The Marketer’s Power Quarter: Updating Lead Databases

Data Analytics

This is the tenth in a 12-part series of quick-fix tips to improve your digital marketing results. Catch up on our last tip, and subscribe to our newsletter to get the rest.

With social media algorithm updates constantly changing who sees what—and making it harder for brands to reach people on social—it’s become even more essential to build and maintain a database of email addresses. With proper hygiene, you can strategically mine your database to make sure you’re getting the right marketing messages in front of the right eyes at the right time. But your database is only as effective as its accuracy when it comes to up-to-date contact information.

Job turnover contributes to stale database 

You work hard to earn people’s trust (and contact info) by producing useful resources like white papers and e-books, but if you’re not also putting work into keeping your database updated, it’s all for naught.

According to the U.S. Department of Labor’s Bureau of Labor Statistics, job turnover for the first half of 2018 hovered around 3.6 percent per month. These numbers cover layoffs, firings, those who quit, and any other type of separation.

“Your email marketing database decays at a rate
of 22.5 percent or more per year.”
click to tweet
 Click to Tweet

This factor and others mean your email marketing database decays at a rate of 22.5 percent or more per year. In other words, your database of leads is regularly becoming irrelevant.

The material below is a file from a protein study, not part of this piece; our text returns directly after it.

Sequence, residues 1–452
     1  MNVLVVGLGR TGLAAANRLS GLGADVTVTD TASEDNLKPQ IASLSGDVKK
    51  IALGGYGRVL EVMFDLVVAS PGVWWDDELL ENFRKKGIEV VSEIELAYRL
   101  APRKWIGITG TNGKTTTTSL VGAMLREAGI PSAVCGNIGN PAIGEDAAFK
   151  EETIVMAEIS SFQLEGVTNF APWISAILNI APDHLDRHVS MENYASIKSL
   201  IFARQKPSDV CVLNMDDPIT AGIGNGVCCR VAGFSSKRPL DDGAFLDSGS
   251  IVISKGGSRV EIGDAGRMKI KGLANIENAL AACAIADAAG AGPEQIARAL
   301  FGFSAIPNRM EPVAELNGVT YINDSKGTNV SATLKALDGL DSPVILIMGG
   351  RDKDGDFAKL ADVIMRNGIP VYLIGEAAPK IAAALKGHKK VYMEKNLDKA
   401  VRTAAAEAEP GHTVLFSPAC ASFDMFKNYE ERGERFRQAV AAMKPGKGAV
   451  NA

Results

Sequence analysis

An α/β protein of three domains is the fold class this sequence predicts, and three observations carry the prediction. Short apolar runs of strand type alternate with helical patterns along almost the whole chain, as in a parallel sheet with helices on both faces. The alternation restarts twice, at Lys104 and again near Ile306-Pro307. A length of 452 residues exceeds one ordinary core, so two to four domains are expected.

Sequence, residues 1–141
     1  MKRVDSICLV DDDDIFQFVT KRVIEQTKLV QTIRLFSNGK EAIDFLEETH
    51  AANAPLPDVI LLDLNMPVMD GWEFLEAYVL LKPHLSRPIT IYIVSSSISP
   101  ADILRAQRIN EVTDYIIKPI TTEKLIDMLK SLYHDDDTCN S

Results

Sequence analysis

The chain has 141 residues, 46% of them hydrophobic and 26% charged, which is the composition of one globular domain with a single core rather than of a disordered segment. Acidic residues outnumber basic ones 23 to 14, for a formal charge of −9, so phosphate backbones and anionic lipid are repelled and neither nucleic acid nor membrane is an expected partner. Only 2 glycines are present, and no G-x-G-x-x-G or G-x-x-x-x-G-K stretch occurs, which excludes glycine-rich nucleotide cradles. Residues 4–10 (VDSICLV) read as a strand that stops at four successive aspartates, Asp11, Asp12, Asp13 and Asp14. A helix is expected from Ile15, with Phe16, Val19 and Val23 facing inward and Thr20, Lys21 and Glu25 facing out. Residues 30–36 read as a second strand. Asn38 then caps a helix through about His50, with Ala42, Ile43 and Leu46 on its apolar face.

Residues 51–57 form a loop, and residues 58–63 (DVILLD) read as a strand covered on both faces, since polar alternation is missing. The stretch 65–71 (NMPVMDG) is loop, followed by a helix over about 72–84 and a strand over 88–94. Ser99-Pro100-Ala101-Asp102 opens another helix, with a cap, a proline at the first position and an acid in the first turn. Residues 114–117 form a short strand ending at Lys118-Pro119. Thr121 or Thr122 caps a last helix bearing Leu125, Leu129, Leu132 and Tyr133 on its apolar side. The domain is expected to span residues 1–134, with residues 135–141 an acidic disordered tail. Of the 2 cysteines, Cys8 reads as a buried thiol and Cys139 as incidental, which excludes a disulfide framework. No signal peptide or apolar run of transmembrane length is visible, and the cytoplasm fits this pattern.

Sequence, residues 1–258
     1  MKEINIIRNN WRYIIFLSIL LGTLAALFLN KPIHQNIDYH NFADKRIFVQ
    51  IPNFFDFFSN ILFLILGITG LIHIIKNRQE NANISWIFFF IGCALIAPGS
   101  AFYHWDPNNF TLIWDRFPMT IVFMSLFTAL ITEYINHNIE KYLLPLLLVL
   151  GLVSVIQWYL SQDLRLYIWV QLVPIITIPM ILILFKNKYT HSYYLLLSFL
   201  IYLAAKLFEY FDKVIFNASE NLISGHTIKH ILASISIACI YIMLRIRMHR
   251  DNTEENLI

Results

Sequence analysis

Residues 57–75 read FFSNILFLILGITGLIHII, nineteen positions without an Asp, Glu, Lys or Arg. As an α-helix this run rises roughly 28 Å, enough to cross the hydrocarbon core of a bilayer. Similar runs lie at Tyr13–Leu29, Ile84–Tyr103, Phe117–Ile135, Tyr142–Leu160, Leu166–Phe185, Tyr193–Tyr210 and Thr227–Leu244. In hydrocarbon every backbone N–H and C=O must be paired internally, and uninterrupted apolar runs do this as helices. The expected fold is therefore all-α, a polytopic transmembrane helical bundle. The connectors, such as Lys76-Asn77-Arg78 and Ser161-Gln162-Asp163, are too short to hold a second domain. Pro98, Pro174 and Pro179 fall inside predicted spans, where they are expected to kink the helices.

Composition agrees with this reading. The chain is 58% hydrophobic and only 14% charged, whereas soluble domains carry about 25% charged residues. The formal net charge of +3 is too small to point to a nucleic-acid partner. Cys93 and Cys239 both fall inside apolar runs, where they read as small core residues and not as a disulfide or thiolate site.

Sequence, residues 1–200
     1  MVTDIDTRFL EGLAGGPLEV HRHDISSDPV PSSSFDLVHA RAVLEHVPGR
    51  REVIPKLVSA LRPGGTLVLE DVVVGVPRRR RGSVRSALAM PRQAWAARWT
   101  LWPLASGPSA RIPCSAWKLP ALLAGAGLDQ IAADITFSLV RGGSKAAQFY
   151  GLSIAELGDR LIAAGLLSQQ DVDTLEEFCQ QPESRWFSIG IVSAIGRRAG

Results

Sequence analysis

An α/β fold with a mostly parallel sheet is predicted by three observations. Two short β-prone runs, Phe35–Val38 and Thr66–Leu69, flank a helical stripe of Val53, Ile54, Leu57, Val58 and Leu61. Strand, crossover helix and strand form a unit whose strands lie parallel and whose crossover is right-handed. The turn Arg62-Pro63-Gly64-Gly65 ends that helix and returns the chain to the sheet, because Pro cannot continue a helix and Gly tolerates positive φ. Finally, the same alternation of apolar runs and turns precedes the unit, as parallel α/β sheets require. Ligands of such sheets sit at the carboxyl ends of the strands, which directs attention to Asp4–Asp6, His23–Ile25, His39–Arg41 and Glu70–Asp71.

Database maintenance is key to an effective database 

To keep your database information from going stale and drastically reducing the effectiveness of all connected sales and marketing efforts, regular maintenance is essential. So here are three quick database hygiene tips to help you keep it up to date:

  1. Run a quarterly maintenance process to flag old and non-responsive contacts (like accounts that have been inactive in the past 12 or so months).
  2. Create a re-engagement campaign to reactivate non-responsive contacts before permanently archiving them.
  3. Set up a data refresh schedule to periodically augment your CRM with new contact data at key target accounts.

Follow these three suggestions and you’ll weed out bad records, revive old relationships, and bring fresh contacts to your database to keep campaign performance humming.

Next week in the penultimate installment of The Marketer’s Power Quarter blog, get a design tip to boost the effectiveness of your visual marketing.

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